FIG. 2 is a schematic illustration which diagrammatically shows one form of the hydraulic system for steering the vehicle in accordance with the invention.
Referring now again to the drawings and in particular to FIG. 1 thereof, there is diagrammatically illustrated one form of the steering system for electronically and hydraulically controlling synchronous turning movement of the front and rear wheels of the vehicle. The system is diagrammatically depicted in association with a utility vehicle of the type described in applicant's aforemention co-pending application Ser. No. 106,468. As shown, the vehicle includes a pair of front wheels 6 and a pair of rear wheels 8 which mount the vehicle chassis for driving movement along the ground. As in applicant's aforementioned application, the wheels 6 and 8 are each independently and hydraulically driven for rotation about a horizontal axis for moving the vehicle along the ground. In such case, the wheel 6 and 8 are hydraulically driven by hub type hydrostatic motors of the type commercially available from the Rex-Roth Company of Germany under Model Number CHB-81574RTX. These self-propelled wheels 6 and 8 are each rotatable about a horizontal axis by independent hydraulic orbital motors 10. The orbital motors 10 each include drive gears 13 which mesh with driven ring gear 12 fixedly connected to the respective wheels 6 and 8. The orbital motors 10 are commercially available from the Char-Lynn Company under Model No. 103-1007-007, Series S. Accordingly, upon actuation of the orbital motors the drive gears 13 drive the driven ring gear 12 about a vertical axis such that the ring gears 12 then rotate the respective wheels 6 and 8 about a horizontal axis for turning or steering the wheels from 0° through 90° in either direction, as desired.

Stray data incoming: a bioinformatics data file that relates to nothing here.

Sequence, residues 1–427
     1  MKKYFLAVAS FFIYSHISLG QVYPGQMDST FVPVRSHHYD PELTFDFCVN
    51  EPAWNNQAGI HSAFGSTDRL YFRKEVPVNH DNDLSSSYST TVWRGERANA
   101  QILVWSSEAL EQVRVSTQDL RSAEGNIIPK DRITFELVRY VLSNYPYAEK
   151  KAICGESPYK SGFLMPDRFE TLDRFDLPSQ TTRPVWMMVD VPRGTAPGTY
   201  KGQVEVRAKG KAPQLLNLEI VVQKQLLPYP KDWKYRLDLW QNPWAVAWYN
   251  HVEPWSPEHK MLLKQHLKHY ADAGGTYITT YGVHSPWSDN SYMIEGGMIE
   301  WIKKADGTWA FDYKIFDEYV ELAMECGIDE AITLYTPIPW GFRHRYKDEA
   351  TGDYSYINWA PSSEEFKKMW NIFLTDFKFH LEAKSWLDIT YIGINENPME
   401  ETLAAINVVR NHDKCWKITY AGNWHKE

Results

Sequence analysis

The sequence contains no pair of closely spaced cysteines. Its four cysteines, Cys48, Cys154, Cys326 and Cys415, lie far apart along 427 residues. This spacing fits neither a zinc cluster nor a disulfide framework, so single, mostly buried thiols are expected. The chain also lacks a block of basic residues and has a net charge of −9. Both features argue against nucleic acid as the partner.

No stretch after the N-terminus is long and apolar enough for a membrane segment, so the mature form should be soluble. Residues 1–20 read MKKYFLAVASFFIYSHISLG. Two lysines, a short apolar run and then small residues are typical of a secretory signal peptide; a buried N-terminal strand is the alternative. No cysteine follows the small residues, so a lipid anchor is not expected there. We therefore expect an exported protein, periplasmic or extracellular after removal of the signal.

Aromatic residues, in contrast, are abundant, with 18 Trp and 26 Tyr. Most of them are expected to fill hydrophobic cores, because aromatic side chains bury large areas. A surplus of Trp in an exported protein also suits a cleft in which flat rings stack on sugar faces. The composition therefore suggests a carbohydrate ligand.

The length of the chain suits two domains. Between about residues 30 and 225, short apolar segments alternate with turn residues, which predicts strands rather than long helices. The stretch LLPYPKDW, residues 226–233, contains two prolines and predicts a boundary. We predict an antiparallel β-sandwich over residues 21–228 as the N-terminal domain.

In the embodiment illustrated, the front wheels 6 are mechanically interconnected for synchronous turning movement with one another by means of a tie-rod assembly which includes a tie-rod member 48. The tie-rod member 48 mounts a pair of reciprocable rack members 22 that engage pinion gears 20. The pinion gears 20 together with the rack members 48 are mounted on the chassis and the pinion gears, in turn, mesh with drive gears 14 that, in turn, mesh with the driven ring gears 12 that are fixedly connected to the respective wheels, as aforesaid. By this arrangement, rotation of the driven ring gears 12 reciprocates the rack members 22 inwardly and outwardly for mechanically synchronous turning movement between the respective wheels. In this embodiment, an identical rear wheel tie-rod assembly may be utilized for the rear wheels 8 wherein like reference numerals designate like parts throughout.
Now referring to FIG. 2 of the drawings, there is illustrated one form of a hydraulic control system, designated generally at 50, which may be employed with the type of electronic control system illustrated in FIG. 1. In a typical operation and with reference to the drawings, when all four wheels are disposed in a straight forward or neutral position, a steering mode selector switch 52 is held in the neutral position. In this position, electric solenoid directional control valves 54, 56 and 58 are not energized. In this condition, the motion control valves 60 and 68 act to lock the four orbital steering motors 10 to prevent driving rotation thereof so as to maintain all of the wheels in a straight forward direction for driving forwardly and backwardly.